In September 2015, the SEC Advisory Committee on Small and Emerging Companies (the “Advisory Committee”) met and finalized its recommendation to the SEC regarding changes to the disclosure requirements for smaller publicly traded companies. My blog on these recommendations can be read HERE.
Prior to that, in March 2015, the American Bar Association submitted its second comment letter to the SEC making recommendations for changes to Regulation S-K. For a review of these recommendations, see my blog HERE.
Mission and Philosophy
Chair White made a point of conveying the message that the SEC is not just about disclosure. They have broad regulatory authority over trading markets, broker-dealers, SRO’s, the settlement and clearing process and the PCAOB. The SEC intends to continue to work in each of these areas, including additional regulations on the swaps markets, clearing agencies, transfer agents, and technology systems. In addition, the SEC has and will continue to seek public comment on proposed rules, ideas related to proposed rules, and concepts in general. As Chair White states, “[W]e are therefore increasingly considering using measures beyond disclosure to fulfill our mission of providing strong investor protection, safeguarding market integrity, and achieving other regulatory objectives.”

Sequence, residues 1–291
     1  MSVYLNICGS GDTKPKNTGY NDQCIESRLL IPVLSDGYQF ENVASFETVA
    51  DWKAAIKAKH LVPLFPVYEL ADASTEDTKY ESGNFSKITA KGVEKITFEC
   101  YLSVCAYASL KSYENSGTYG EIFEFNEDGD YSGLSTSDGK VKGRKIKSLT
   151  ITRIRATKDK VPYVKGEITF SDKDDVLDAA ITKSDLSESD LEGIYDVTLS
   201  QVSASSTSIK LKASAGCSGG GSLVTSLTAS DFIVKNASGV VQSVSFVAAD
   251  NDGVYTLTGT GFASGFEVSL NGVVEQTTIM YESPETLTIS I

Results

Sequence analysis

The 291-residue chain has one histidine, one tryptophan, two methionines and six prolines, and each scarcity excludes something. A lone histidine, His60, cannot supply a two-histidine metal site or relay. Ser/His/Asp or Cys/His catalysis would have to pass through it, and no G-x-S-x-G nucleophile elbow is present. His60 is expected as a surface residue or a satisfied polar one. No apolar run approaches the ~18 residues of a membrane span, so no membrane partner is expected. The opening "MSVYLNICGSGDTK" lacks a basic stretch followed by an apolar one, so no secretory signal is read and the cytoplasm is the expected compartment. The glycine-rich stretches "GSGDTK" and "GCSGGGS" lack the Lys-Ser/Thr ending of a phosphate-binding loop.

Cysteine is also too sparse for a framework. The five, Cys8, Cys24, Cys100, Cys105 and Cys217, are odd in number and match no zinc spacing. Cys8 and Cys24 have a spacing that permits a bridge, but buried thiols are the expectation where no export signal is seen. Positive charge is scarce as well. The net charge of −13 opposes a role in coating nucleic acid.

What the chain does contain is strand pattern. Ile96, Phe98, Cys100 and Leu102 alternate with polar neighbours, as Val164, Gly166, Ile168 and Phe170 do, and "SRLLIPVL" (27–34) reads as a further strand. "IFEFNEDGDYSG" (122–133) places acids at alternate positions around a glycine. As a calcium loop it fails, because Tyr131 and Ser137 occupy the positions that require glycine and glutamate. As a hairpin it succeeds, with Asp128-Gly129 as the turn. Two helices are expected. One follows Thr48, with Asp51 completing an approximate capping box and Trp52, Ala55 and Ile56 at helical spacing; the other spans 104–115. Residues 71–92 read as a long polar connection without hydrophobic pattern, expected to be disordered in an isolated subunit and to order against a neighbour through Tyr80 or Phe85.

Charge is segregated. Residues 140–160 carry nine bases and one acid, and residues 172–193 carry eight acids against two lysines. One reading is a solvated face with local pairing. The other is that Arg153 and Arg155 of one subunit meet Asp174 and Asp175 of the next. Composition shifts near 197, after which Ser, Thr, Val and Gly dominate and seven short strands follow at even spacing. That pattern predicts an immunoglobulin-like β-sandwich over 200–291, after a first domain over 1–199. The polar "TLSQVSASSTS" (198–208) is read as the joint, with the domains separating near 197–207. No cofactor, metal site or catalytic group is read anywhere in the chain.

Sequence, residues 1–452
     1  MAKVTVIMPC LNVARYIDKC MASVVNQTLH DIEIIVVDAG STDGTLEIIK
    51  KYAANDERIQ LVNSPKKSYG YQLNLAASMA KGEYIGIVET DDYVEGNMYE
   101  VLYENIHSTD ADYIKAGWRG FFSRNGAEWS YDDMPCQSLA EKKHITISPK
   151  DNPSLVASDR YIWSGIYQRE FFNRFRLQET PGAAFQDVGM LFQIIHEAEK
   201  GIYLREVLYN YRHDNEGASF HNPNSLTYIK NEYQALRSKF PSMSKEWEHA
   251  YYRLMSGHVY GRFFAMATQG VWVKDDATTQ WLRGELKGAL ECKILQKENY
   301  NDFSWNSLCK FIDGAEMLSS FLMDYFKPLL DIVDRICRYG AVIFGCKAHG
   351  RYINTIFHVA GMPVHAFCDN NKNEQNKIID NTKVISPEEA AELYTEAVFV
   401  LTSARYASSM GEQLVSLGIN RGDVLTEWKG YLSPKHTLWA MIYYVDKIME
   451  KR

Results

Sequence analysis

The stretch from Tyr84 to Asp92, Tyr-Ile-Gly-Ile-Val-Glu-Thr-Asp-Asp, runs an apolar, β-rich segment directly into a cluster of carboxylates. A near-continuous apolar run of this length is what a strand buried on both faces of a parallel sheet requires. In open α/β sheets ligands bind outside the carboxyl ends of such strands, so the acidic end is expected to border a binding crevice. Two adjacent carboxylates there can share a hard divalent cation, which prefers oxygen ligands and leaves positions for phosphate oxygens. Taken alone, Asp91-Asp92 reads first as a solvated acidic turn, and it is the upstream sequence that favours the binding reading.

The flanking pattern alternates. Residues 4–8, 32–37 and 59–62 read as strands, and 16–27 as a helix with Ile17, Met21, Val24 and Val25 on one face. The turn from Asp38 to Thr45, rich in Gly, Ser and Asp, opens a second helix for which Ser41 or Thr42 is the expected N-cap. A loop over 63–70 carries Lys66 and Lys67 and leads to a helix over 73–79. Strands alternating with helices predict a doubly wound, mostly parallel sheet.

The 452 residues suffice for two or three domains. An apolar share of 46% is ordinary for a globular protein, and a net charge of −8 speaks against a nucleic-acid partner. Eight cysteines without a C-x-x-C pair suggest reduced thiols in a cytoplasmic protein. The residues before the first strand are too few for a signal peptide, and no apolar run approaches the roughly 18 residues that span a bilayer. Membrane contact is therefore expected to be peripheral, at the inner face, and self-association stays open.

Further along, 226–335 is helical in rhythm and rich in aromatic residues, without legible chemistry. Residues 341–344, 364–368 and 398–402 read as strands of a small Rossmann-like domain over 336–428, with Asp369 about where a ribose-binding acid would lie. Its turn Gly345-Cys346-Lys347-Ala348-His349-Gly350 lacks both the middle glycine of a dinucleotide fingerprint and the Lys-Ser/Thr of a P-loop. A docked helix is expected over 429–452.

Securities attorney Laura Anthony and her experienced legal team provides ongoing corporate counsel to small and mid-size private companies, OTC and exchange traded issuers as well as private companies going public on the NASDAQ, NYSE MKT or over-the-counter market, such as the OTCQB and OTCQX. For nearly two decades Legal & Compliance, LLC has served clients providing fast, personalized, cutting-edge legal service. The firm’s reputation and relationships provide invaluable resources to clients including introductions to investment bankers, broker dealers, institutional investors and other strategic alliances. The firm’s focus includes, but is not limited to, compliance with the Securities Act of 1933 offer sale and registration requirements, including private placement transactions under Regulation D and Regulation S and PIPE Transactions as well as registration statements on Forms S-1, S-8 and S-4; compliance with the reporting requirements of the Securities Exchange Act of 1934, including registration on Form 10, reporting on Forms 10-Q, 10-K and 8-K, and 14C Information and 14A Proxy Statements; Regulation A/A+ offerings; all forms of going public transactions; mergers and acquisitions including both reverse mergers and forward mergers, ; applications to and compliance with the corporate governance requirements of securities exchanges including NASDAQ and NYSE MKT; crowdfunding; corporate; and general contract and business transactions. Moreover, Ms. Anthony and her firm represents both target and acquiring companies in reverse mergers and forward mergers, including the preparation of transaction documents such as merger agreements, share exchange agreements, stock purchase agreements, asset purchase agreements and reorganization agreements. Ms. Anthony’s legal team prepares the necessary documentation and assists in completing the requirements of federal and state securities laws and SROs such as FINRA and DTC for 15c2-11 applications, corporate name changes, reverse and forward splits and changes of domicile. Ms. Anthony is also the author of SecuritiesLawBlog.com, the OTC Market’s top source for industry news, and the producer and host of LawCast.com, the securities law network. In addition to many other major metropolitan areas, the firm currently represents clients in New York, Las Vegas, Los Angeles, Miami, Boca Raton, West Palm Beach, Atlanta, Phoenix, Scottsdale, Charlotte, Cincinnati, Cleveland, Washington, D.C., Denver, Tampa, Detroit and Dallas.